Recently I was searching for a way to shape flames and change the direction of fire in a Photoshop composition. After a little experimentation, I discovered that Photoshop's Liquify Filter handles the task brilliantly. Below is the method I used to essentially paint with fire and change the direction of flames.
Below is a preview of what we'll be creating.
We need to grab a couple of images. I used this horse image
and a photo of a camp fire
In Photoshop let's create a new document 1000 x 1000 pixels with a black background. I used the Quick Selection Tool (W) to make a rough selection of the horse to extract and paste onto the black background in our new document.
You'll have to clean the edges up a bit with the eraser tool. Here's mine after a few touch ups on the edges.
Next we need to sharpen the details of the horse a bit. Create a duplicate layer of the horse and select (Filter | Other | High Pass). Choose a Radius value around 6 or 7 and click Okay. Set this layers Blending Mode to Overlay.
Now let's grab some fire from the campfire photo. I made a rough selection around the upper portion of the flames so that no logs are selected.
Once you've copied and pasted the fire over to our working document, you'll need to scale and rotate (Cmd + T) the flames to fit along the back of the horse's neck.
Don't worry about the scale being out of proportion, we're going to change that within the Liquify Filter.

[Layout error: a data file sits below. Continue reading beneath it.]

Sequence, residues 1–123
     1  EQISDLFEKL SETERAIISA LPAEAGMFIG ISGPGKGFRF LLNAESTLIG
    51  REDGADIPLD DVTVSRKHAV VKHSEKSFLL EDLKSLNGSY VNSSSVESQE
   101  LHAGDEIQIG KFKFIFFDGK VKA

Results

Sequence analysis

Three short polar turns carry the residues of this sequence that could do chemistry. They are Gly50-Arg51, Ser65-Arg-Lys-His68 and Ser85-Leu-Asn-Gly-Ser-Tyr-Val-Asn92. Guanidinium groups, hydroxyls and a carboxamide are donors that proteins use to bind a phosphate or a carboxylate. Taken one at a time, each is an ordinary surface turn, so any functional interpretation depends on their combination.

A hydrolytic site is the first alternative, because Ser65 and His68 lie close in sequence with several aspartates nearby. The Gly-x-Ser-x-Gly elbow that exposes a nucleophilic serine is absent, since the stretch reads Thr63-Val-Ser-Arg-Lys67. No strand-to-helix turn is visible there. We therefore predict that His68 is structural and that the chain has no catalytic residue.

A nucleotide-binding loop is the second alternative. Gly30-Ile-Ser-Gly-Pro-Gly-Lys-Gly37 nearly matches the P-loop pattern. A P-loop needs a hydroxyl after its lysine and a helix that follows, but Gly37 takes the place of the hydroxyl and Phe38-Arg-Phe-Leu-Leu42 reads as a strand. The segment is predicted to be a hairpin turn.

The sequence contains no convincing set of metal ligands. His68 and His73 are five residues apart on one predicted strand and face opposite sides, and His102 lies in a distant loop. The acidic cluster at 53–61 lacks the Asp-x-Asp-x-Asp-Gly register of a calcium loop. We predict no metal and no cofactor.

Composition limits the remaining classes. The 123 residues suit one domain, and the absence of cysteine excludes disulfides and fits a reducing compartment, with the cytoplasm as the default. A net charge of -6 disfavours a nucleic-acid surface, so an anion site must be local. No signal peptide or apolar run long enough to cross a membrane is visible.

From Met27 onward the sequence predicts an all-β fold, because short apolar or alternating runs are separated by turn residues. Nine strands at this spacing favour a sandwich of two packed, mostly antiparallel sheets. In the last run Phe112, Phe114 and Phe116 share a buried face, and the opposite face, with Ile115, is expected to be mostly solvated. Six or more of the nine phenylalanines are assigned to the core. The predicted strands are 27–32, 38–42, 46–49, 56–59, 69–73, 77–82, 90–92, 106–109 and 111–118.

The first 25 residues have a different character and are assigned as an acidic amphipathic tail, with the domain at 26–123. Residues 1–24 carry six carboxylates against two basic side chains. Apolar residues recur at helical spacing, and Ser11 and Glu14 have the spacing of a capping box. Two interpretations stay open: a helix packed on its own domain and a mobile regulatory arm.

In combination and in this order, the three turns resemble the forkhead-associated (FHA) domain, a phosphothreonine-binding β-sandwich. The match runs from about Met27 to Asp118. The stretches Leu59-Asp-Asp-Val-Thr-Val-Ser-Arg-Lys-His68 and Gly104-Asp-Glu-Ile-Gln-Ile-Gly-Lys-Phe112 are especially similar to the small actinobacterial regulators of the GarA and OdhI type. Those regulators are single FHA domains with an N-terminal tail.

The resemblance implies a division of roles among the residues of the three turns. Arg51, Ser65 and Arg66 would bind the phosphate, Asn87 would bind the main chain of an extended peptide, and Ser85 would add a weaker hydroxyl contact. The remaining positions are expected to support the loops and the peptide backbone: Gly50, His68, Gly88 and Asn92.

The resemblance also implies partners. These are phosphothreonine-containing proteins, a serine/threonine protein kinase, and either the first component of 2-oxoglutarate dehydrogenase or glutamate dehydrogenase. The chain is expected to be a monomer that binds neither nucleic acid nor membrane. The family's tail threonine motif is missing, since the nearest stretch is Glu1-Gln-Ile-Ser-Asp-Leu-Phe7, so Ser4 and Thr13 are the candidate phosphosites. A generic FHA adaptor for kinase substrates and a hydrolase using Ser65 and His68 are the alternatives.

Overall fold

Once you've finished scaling the flames to the right size and angle. Choose (Filter | Liquify) to open the Liquify Filter. In the new window I used the Forward Warp Tool and Twirl Tool to move and shape the flames in the direction I wanted.
Below are my final results with the Liquify Filter. I was aiming for a little bit of a wind blown look. Your results will vary, of course.
Now let's add a little bit of smoke beyond the flames. I used the Smoke Textures and Brushes Vol1
set here at WeGraphics. I placed a brush from the collection on a layer above the flames. I set the opacity to 20%.
Next I want to add some highlights around the fire to help blend it with the horse's neck. I did this by creating a new layer with a blending mode set to Overlay, and painting with a soft white brush where I felt like the highlights should appear around where the fire is most intense.
To add the final touches I want to adjust the color a bit. I added two more elements to accomplish this. The first is a new layer above all others with a single soft brush set to #fabe6b for the color. I set this layers Blending Mode to Overlay.
Next, I created a new Gradient Map Adjustment Layer using the settings below.
The red is: #ff1e00 and the orange is: #ffa800.
For the final step, I added a gradient from the Subtle Grunge Vol 2
texture pack, and placed it above all layers with the Blending Mode set to Overlay.
Below is the finished piece.
I hope you've found this quick tutorial fun and interesting. Use the comment fields below to let us know how you've used the Liquify Filter in Photoshop.